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UNWE Article – Crypto Datathon

Prediction of cryptocurrency prices (5 min period) with AR, ARIMA and Neural Network models using R and Python.

8
votes

Prediction of top 50 coins:

30-01-2018: forecast_1; 

06-02-2018: forecast_2; 

20-02-2018: forecast_3

09-03-2018: forecast_4

18-03-2018: forecast_5

 https://www.datasciencesociety.net/wp-content/uploads/2018/04/Data-Prep-and-EDA-2.ipynb

MODELLING

  • ARIMA MODELLING IN R
setwd("D:/DATA SCIENSE/Datathon/Academia Datathon/DATA")

data20 <- read.csv("data-top-20-coins.csv")
# data20$price_1442
# saving Time as POSIXct
# names(data20)
# str(data20)
data20$time <- as.POSIXct(data20$time)
#bitcoin 1442 separating
data1442 <- data20[,c(1,2)]

str(data1442)
## 'data.frame':    18752 obs. of  2 variables:
##  $ time      : POSIXct, format: "2018-01-17 11:25:00" "2018-01-17 11:30:00" ...
##  $ price_1442: num  10756 10788 10808 10776 10776 ...
#CREATE XTS OBJECT for 1442
# str(data1442$time)
xts1442 <- xts(data1442[,-1], order.by = data1442[,1], frequency = 288)
xts1442[(1:6),]
##                        [,1]
## 2018-01-17 11:25:00 10756.0
## 2018-01-17 11:30:00 10788.1
## 2018-01-17 11:35:00 10807.5
## 2018-01-17 11:40:00 10776.1
## 2018-01-17 11:45:00 10776.1
## 2018-01-17 11:50:00 10729.7
#ACF and PACF test
acf(xts1442[1:3607])

pacf(xts1442[1:3607])

# FITTING auto.arima on the subset before 30-01-2018
ar1442<- auto.arima(xts1442[1:3607])
ar1442
## Series: xts1442[1:3607] 
## ARIMA(1,1,1) 
## 
## Coefficients:
##          ar1      ma1
##       0.4451  -0.1809
## s.e.  0.0505   0.0554
## 
## sigma^2 estimated as 1391:  log likelihood=-18165.28
## AIC=36336.56   AICc=36336.56   BIC=36355.13
summary(ar1442)
## Series: xts1442[1:3607] 
## ARIMA(1,1,1) 
## 
## Coefficients:
##          ar1      ma1
##       0.4451  -0.1809
## s.e.  0.0505   0.0554
## 
## sigma^2 estimated as 1391:  log likelihood=-18165.28
## AIC=36336.56   AICc=36336.56   BIC=36355.13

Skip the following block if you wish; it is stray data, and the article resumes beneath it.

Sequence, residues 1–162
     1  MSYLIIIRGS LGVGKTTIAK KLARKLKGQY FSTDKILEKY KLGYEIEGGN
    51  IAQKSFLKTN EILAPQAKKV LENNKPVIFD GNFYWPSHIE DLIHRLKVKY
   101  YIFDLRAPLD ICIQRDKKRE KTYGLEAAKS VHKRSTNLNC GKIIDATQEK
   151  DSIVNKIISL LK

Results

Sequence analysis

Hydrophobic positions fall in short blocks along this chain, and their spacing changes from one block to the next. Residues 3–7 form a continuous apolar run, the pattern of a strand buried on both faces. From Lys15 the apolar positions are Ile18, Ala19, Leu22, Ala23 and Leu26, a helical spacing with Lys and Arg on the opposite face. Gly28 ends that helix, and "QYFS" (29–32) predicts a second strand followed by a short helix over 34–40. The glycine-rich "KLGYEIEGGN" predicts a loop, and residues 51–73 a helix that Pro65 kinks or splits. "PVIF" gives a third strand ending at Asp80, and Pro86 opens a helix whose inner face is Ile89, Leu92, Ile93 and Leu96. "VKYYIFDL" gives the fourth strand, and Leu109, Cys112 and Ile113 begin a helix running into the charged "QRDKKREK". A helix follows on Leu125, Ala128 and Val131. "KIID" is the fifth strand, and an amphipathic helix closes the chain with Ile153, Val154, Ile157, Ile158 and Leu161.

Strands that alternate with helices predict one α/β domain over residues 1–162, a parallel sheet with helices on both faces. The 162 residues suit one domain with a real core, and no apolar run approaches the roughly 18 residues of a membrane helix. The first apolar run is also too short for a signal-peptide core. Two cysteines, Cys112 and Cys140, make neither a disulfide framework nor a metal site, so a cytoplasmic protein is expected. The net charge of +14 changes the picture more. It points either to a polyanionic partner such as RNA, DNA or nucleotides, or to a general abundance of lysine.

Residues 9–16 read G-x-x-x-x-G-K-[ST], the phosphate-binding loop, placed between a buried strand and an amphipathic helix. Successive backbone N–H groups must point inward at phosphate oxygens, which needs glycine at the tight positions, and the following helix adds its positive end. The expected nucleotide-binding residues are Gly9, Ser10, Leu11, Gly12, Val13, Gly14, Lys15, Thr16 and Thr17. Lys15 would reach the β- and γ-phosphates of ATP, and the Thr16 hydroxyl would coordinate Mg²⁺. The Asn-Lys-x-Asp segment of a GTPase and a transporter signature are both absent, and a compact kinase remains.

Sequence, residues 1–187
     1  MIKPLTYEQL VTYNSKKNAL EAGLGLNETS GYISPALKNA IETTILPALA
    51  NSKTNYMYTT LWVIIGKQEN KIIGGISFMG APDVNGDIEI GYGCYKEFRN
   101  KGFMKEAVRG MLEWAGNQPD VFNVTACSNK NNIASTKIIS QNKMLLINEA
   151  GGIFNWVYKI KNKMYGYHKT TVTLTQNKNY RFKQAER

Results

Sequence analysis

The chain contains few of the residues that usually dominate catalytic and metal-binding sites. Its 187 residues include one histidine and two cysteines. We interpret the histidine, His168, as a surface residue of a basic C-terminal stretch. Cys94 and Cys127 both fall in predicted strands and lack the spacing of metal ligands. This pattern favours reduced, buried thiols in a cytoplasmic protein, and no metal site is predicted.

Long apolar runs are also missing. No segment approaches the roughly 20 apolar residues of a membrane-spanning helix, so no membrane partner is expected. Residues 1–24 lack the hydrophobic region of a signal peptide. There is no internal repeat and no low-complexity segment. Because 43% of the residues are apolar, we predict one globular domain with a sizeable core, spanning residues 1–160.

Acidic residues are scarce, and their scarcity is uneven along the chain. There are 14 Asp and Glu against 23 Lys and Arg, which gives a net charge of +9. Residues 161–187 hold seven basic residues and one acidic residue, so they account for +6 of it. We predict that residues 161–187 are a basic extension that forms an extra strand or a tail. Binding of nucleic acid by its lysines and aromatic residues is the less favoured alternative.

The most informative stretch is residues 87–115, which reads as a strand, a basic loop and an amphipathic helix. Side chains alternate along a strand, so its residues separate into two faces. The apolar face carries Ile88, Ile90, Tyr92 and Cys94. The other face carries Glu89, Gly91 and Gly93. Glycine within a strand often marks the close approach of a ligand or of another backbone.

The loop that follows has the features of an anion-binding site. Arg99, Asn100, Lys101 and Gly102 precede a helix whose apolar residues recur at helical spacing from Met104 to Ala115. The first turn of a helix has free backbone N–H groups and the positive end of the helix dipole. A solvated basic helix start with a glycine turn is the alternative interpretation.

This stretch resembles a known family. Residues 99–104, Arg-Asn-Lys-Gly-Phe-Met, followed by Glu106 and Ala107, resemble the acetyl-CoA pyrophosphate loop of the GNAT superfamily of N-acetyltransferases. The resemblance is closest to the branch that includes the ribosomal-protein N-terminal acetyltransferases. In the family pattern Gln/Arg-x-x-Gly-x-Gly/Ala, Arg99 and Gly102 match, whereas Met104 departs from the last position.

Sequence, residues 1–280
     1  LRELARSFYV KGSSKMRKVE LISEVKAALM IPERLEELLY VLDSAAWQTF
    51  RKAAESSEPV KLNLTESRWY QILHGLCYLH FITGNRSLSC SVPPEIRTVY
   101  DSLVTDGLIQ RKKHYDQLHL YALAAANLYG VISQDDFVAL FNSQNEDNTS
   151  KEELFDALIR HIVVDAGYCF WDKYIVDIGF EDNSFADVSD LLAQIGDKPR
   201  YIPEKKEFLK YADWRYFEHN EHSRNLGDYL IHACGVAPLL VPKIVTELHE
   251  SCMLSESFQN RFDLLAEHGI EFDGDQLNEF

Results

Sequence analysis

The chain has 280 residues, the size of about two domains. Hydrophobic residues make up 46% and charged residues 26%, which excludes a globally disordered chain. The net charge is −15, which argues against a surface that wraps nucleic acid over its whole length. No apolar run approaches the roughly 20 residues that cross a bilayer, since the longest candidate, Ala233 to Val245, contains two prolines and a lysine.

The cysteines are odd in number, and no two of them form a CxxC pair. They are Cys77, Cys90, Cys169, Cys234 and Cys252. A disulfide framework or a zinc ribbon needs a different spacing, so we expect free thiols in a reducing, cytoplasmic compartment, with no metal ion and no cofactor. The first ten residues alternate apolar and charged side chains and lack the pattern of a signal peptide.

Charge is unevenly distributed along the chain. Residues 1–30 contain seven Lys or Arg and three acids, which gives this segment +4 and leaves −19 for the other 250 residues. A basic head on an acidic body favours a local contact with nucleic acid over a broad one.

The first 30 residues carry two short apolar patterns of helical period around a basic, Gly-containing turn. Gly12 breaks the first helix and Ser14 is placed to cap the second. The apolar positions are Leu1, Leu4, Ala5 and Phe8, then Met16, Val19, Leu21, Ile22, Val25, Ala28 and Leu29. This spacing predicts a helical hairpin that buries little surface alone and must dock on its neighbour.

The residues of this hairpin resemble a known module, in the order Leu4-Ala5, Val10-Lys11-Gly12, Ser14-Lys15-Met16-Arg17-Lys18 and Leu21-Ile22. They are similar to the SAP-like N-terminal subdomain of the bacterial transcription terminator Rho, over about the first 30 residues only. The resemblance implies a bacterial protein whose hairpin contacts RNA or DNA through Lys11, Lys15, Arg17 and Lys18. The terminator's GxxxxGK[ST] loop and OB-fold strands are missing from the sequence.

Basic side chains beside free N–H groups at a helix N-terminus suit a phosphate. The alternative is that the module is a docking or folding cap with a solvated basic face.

## 
## Training set error measures:
##                     ME     RMSE      MAE          MPE      MAPE
## Training set 0.1141057 37.27926 22.49191 0.0007416239 0.1989633
##                     MASE         ACF1
## Training set 0.001967522 -0.001305298

auto.arima suggest ARIMA(1,1,1) which will be used to predict the prices in the below loop.

ARIMA FORECAST

# Initialzing an xts object for Actual Price
Actual_series = xts(0,as.POSIXct("2018-01-17 11:25:00","%Y-%m-%d %H:%M", tz = "EET"))


# Split the dataset in two parts - training and testing (for 30.01.2018 00:00:00)
breakpoint = floor(3608)
breakpoint
## [1] 3608
# Initialzing a dataframe for the forecasted return series
forecasted_series = data.frame(Forecasted = numeric())

for (b in breakpoint:(3897)-1) {
  
  coin1442_train = xts1442[1:b, ]
  coin1442_test = xts1442[(b+1):nrow(xts1442), ]
  
  # Summary of the ARIMA model using the determined (p,d,q) parameters from auto.arima fitted model
  fit = arima(coin1442_train, order = c(1, 1, 1), include.mean=FALSE)
  # summary(fit)
  
  # Forecasting the price of BITCOIN
  arima.forecast = forecast(fit, h = 1,level=99)
  
    
  
  # Creating a series of forecasted price for the forecasted period
  forecasted_series = rbind(forecasted_series,arima.forecast$mean[1])
  colnames(forecasted_series) = c("Forecasted")
  
  # Creating a series of actual price for the forecasted period
  Actual_return = xts1442[(b+1),]
  Actual_series = c(Actual_series,xts(Actual_return))
  rm(Actual_return)
  options(warn = -1)
  
}

#CHECKING THE MODEL
Actual_series = Actual_series[-1]

# Create a time series object of the forecasted series
forecasted_series = xts(forecasted_series,index(Actual_series))

# Create a plot of the two return series - Actual versus Forecasted
plot(Actual_series,type='l',main='Actual Returns Vs Forecasted Returns')
lines(forecasted_series,lwd=1.5,col='red')
legend('bottomright',c("Actual","Forecasted"),lty=c(1,1),lwd=c(1.5,1.5),col=c('black','red'))

# Create a table for the accuracy of the forecast
comparsion = merge(Actual_series,forecasted_series)
comparsion$Diff <- abs(comparsion$Actual_series - comparsion$Forecasted)
head(comparsion,10)
##                     Actual_series Forecasted       Diff
## 2018-01-30 00:00:00       11353.3   11349.66  3.6404400